English language learning is fraught with ineffective products and failed instructional approaches, complicated by disparate proficiency scales and non-standard interpretations of terms like “intermediate” and “advanced.” This leads to confusion about what results learners should expect after language study. It also contributes to unclear guidelines for stakeholders who evaluate learners’ proficiency, from university admissions offices to future employers.
Testing monopolies, such as ETS are now unreliable. Learners have been caught cheating the system and paying for their results, and oftentimes high scorers cannot communicate adequately, while those with poor scores can easily accomplish tasks in English. Additionally, commonly used tests such as TOEFL, TOEIC, IELTS, and PTE rely on different proficiency scales which makes it impossible to understand the scores of one in terms of another.
Unifying scales, such as Pearson’s Global Scale of English, are a step in the right direction; however, we need to move beyond standardized tests that look at “global proficiency,” and build new tests that actually identify what learners can and cannot accomplish in their target languages.
We need to radically re-think how we test our learners.
Since the real stakeholders in language proficiency are the interlocutors with whom learners communicate, the tasks and conversations that they need should form the basis of a truly innovative and more meaningful proficiency assessment. These stakeholders, such as the employer who needs a new hire to speak effectively with customers, or the new friend who needs to make weekend dinner plans with a language learner, or the lover who needs to be able to understand his partner’s feelings, possess the only real rubric that matters when it comes to measuring proficiency.
So what do these new assessments look like? Well, to start with, they need to be grounded in what a learner needs to do in the real world. In the immortal words of Ferris Beuller, “You can’t eat an irregular verb.” In other words, whether or not learners can identify the appropriate relative pronoun to fill in a blank likely has nothing to do with how well they will do in a college admissions interview or when buying a plane ticket on their first hard-earned vacation to an English-speaking country.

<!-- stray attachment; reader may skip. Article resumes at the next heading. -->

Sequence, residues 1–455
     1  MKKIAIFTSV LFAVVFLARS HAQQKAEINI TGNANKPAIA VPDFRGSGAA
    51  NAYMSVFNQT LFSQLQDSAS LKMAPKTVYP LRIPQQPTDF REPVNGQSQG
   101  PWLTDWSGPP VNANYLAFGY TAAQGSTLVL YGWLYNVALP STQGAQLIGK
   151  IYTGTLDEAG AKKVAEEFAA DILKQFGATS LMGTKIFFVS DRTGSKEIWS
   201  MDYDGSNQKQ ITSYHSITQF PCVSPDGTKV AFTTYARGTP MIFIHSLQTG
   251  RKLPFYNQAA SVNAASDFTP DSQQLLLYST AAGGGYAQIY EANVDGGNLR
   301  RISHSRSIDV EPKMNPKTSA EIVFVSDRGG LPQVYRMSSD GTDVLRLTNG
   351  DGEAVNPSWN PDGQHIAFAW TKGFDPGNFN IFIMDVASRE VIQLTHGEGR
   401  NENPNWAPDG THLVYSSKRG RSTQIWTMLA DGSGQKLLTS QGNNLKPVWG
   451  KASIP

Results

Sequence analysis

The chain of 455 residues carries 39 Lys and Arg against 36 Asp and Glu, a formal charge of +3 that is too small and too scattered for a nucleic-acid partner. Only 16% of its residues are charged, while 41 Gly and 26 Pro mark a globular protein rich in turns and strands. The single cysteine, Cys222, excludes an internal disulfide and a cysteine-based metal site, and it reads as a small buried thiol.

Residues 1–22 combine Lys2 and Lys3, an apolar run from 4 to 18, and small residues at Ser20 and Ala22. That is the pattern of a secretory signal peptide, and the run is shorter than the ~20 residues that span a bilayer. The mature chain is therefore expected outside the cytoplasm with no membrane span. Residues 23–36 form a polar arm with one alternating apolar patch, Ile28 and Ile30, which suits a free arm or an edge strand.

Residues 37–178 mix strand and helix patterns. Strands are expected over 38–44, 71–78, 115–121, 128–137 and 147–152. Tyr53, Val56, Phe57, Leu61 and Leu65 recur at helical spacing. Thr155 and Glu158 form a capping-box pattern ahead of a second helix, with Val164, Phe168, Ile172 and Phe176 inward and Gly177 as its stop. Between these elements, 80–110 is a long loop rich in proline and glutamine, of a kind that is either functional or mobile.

The future of assessments, and in our opinion the future of all education, lies in project-based assessments. With project-based assessments, which simulate or otherwise model the actual experiences that a language learner will have, we can more closely and accurately evaluate the true competency of a learner. Learners’ real-life performances on well-defined tasks will be the ultimate measure of their success, and the strong, clear signal of their proficiency.
Up until now, this type of task-based assessment at scale has been elusive; by its very nature, task-based assessment is personalized and high-touch. Because each learner will have unique needs, he or she will also require a unique assessment. And while some tasks, like completing online forms or opening online bank accounts, can be easily simulated and scored by computer, others, such as answering interview questions appropriately or giving a business presentation, require at least one (if not multiple) human raters to guarantee that the assessment is valid and is scored reliably. However, recent technological advances have helped pave the way for personalized, adaptive instruction, and are poised to do the same for personalized assessment. And when a language learner can offer a potential employer a certification that he or she can successfully negotiate a simulated deal–rather than a piece of paper with a random score on his or her listening proficiency–the archaic field of language testing will finally live up to its potential.